Mortgages After Bankruptcy
There is a common belief that declaring bankruptcy means you are going to lose your home. However, that is not necessarily the case.
For example, one California bankruptcy exemption allows you to keep about $22,000 worth of real estate. Of course, your home is probably worth more than $22,000, but your equity in the home (the portion of its value that exceeds what you owe) may well be less than $22,000 — and your mortgage company has first dibs on the rest. It would be pointless for the bankruptcy to force the liquidation of your home, because once the mortgage was paid off and you claimed your exemption, there would be nothing left for your creditors anyway.
Now, back to that mortgage. A mortgage is a unique kind of debt. Like most of your other debts, your mortgage may be discharged in the bankruptcy, meaning the debts are abolished and the creditors are prohibited from trying to collect them. That means your entire mortgage debt is eliminated, not just any payments you may have missed. But before you start fantasizing about a lifetime free of mortgage payments, there are some things you should know:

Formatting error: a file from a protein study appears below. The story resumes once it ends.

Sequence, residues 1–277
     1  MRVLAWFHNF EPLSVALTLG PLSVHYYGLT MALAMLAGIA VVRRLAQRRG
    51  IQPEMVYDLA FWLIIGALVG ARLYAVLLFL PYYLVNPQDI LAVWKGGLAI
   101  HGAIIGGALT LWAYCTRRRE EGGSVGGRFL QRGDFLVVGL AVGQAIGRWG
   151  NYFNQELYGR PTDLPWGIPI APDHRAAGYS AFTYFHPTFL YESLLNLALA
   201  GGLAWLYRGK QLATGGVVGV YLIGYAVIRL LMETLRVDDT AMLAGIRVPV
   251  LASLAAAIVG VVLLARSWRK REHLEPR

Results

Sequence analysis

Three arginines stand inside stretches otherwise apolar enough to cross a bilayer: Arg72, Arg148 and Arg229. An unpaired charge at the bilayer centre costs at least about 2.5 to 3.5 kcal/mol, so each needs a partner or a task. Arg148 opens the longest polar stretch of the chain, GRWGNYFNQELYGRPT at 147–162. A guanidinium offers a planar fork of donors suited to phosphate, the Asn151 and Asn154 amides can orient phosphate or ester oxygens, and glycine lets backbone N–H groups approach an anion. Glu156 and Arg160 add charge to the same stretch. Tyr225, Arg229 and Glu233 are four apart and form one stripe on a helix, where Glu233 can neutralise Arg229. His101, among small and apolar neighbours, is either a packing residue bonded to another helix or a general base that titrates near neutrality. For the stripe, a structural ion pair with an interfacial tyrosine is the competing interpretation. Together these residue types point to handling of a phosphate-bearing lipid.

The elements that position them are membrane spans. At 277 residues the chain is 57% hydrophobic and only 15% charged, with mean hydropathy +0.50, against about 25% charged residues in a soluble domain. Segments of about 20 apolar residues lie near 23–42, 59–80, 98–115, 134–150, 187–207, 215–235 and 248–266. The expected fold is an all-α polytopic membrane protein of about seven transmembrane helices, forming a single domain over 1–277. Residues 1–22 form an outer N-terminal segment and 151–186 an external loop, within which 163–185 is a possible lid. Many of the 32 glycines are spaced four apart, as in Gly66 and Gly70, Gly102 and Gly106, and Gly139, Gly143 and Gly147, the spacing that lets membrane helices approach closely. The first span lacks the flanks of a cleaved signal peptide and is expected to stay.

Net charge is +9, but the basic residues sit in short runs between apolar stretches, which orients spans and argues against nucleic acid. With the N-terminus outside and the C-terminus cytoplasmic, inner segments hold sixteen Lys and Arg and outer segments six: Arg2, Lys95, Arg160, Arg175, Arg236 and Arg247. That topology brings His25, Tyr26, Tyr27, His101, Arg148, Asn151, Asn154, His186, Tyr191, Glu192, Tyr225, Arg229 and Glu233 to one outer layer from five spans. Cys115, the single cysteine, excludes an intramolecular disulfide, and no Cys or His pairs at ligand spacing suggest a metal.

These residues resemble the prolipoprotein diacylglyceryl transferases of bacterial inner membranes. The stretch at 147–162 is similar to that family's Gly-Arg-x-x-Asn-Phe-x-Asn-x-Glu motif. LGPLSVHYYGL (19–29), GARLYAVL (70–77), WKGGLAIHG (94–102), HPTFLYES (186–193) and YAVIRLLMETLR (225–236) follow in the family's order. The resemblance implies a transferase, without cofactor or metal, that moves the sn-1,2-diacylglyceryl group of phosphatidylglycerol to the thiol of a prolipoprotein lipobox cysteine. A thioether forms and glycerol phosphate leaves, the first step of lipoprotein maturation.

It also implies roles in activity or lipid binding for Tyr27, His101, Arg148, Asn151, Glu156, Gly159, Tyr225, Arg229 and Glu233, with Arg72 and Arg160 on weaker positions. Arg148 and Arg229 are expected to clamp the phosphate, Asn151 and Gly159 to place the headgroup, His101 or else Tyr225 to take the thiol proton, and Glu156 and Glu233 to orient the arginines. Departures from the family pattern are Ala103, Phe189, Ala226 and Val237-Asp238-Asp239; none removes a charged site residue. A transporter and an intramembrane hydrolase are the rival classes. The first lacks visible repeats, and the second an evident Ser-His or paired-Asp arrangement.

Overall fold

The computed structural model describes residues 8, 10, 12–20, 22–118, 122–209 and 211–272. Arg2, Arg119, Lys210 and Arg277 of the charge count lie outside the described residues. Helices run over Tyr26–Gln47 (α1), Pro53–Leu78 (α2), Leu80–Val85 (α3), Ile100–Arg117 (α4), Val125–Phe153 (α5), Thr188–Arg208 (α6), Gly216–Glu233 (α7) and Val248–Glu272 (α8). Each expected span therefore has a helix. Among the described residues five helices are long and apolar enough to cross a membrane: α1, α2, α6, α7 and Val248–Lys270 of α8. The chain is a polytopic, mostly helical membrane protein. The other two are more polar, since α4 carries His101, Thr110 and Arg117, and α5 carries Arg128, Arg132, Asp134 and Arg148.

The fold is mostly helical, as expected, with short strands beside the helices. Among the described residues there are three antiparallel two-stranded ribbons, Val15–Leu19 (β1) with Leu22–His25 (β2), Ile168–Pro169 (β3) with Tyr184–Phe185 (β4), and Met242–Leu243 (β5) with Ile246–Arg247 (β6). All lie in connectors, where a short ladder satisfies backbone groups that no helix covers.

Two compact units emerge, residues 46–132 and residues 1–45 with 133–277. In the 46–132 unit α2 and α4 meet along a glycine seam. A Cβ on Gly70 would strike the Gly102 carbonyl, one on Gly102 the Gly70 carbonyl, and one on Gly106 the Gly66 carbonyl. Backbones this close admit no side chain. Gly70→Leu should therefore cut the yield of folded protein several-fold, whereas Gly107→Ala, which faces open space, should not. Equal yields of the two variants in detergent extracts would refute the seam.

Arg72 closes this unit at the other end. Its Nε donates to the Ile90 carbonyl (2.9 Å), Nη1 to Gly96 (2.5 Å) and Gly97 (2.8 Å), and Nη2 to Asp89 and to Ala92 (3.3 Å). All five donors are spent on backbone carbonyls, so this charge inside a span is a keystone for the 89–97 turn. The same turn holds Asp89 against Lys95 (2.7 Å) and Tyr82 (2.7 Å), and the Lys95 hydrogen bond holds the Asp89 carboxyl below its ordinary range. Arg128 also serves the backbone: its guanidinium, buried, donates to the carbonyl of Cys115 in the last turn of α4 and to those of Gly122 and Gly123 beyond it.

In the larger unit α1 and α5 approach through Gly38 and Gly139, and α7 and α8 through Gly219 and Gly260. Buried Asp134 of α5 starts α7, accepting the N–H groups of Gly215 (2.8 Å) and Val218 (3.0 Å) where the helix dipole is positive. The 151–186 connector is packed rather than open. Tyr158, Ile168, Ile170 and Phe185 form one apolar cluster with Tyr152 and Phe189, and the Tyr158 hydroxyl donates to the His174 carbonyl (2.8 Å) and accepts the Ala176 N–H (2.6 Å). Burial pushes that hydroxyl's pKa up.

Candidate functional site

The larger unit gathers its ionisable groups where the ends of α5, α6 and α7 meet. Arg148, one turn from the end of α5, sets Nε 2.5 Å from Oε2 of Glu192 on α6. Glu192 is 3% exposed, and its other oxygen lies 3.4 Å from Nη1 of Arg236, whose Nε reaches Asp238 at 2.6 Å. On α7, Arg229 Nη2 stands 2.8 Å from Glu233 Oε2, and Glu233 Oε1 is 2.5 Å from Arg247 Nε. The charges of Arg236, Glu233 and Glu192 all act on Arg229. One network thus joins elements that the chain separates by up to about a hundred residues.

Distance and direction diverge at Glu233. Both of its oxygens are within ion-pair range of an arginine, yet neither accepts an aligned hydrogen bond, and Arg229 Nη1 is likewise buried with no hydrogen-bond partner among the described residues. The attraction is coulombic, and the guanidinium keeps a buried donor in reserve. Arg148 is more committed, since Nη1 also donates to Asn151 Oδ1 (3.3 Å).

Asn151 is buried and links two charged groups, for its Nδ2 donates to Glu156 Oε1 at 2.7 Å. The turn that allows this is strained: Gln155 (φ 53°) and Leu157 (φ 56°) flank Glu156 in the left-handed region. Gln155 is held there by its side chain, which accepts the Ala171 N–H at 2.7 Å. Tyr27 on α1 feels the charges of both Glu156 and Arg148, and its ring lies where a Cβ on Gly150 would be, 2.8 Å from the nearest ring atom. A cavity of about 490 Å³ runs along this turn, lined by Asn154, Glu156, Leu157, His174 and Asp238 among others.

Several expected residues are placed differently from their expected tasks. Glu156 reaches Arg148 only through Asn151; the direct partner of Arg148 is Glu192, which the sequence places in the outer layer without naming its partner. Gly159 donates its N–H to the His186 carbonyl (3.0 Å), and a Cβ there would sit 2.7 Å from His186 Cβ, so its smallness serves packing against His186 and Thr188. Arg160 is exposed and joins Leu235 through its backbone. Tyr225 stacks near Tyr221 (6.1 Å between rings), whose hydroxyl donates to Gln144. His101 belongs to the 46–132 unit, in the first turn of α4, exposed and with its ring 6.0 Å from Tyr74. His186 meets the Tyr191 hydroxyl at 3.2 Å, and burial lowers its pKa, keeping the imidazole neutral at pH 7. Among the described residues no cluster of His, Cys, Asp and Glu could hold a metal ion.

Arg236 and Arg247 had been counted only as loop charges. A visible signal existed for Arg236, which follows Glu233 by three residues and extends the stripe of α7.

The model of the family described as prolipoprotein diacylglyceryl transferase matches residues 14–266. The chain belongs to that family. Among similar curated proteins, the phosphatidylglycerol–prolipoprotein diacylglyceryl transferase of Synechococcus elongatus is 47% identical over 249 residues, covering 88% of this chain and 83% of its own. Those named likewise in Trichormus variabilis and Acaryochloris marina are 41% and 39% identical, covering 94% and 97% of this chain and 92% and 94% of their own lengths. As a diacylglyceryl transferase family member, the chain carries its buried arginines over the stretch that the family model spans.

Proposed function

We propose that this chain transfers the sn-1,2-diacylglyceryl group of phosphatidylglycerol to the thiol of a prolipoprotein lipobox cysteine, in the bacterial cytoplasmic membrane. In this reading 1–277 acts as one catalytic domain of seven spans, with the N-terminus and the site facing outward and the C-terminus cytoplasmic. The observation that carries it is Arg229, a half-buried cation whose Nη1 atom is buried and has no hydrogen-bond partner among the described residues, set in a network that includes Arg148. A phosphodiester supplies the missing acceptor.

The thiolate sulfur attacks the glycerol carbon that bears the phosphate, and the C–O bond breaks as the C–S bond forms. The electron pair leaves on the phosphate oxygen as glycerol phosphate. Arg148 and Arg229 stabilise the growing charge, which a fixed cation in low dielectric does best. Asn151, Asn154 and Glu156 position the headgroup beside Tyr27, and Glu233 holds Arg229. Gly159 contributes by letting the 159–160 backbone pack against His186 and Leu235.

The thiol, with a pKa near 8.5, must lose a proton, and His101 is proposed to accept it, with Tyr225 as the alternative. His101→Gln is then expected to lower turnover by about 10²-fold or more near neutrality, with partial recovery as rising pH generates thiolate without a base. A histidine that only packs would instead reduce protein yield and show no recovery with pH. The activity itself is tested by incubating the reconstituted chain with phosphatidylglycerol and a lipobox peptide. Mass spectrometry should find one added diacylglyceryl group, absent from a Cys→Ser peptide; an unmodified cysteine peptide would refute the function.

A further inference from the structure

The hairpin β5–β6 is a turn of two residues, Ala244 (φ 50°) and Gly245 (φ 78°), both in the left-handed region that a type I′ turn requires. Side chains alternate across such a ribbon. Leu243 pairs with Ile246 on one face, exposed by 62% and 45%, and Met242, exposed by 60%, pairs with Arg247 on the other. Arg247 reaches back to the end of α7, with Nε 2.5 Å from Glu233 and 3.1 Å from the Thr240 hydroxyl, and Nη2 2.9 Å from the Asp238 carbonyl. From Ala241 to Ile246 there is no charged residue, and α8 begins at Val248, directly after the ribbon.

- If you signed a reaffirmation agreement with your mortgage company, your debt is not discharged in the bankruptcy, and your lender may pursue collection.
- The lender may seek reaffirmation post-bankruptcy but must clearly state that you are under no obligation to accept.
- Reaffirmed or not, if you do not continue to make your mortgage payments, the lender can still foreclose.
Wait a minute — If the mortgage debt was discharged, why do you still have to pay it? The reason is that bankruptcy does not eliminate the security agreement between you and the lender. Under that agreement, you pledged your house if you do not pay back the loan, and that pledge can still be enforced. So, if you want to stay, you have to pay.
Bankruptcy law is complex, especially in California. Be sure you have the guidance of an experienced California bankruptcy lawyer to ensure you make the right moves.